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Tunisian Police Arrest Former Prime Minister Hamadi Jebali For Money Laundering

The Tunisian police department has arrested the country’s former Prime Minister, Hamadi Jebali, for his supposed connections with money laundering.

The former prime minister, and former senior member in the Ennahda Islamist party, was arrested on charges of money laundering. According to his lawyer, the police arrested Jebali in the city of Sousse, after which his phone and that of his wife were seized as he was taken to an unknown location.

In a statement posted by his family on Facebook, the arrest was described as against human rights, especially as the activities of Tunisian President, Kais Saied becomes a reason for concern within the country.

So far, little information has been gathered on the issue, as the ministry of Interior has declined to comment on Jebali’s arrest. Rather than respond currently, the ministry has provided a date for a press conference when it claims it will give out detailed information on the arrest.

Jebali’s defense team stated that they had an opportunity to converse with him after the arrest. The defense claimed that “Jebali told us he will not answer the investigators’ questions, and he entered into a hunger strike as the issue has a political motivation and nothing to do with money laundering”, Jebali’s lawyer Mokhtar Jemai said.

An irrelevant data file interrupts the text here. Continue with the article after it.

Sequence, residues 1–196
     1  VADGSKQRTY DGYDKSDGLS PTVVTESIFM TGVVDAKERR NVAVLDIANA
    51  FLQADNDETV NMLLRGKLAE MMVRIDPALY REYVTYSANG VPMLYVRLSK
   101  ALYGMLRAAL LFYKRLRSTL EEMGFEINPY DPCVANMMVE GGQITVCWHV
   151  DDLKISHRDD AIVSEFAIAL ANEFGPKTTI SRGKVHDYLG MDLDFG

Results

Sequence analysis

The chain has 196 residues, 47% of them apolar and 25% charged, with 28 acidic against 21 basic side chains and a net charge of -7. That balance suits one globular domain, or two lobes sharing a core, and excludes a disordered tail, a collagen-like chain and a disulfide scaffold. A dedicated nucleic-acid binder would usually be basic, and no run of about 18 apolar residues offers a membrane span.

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Before President Kais Saied dissolved the assembly and assumed executive power last year, Ennahda was the largest party in the Tunisian parliament. The party and other critics viewed Kais’s activities and “power grab” as a coup.

However, rather than refer to his activities as a coup, Kais Saied claimed that it was simply transitory and necessary to protect Tunisia from a corrupt, self-serving elite. This is believed to be the point at which a controversial issue brewed between the incumbent president and the former prime minister.

“The president is personally responsible for Jebali’s physical and psychological well-being,” his family said in the Facebook post, and called on civil society and human rights organizations “to stand up against these repressive practices”.

Recall that after a political crisis, Jebali resigned as prime minister in 2013 from his position in 2012. Moreover, Noureddine Bhiri, the vice president of the Ennahda party, was detained by police earlier this year and held for more than two months before being freed without being charged.

Saied’s opponents, including Jebali’s supporters, claim he is using the police and the court system to wage a campaign against them, but he disputes this and asserts that he is not a dictator.

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